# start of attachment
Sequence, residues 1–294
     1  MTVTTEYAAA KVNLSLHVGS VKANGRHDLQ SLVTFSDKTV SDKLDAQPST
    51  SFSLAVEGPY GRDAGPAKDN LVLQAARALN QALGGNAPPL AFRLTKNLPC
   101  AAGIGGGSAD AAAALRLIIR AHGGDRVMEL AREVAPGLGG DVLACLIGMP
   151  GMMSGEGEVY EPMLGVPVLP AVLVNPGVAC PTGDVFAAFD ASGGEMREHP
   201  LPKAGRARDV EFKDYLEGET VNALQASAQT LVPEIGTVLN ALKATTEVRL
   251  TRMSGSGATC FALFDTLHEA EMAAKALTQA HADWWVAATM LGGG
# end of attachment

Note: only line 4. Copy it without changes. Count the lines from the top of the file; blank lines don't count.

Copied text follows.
   101  AAGIGGGSAD AAAALRLIIR AHGGDRVMEL AREVAPGLGG DVLACLIGMP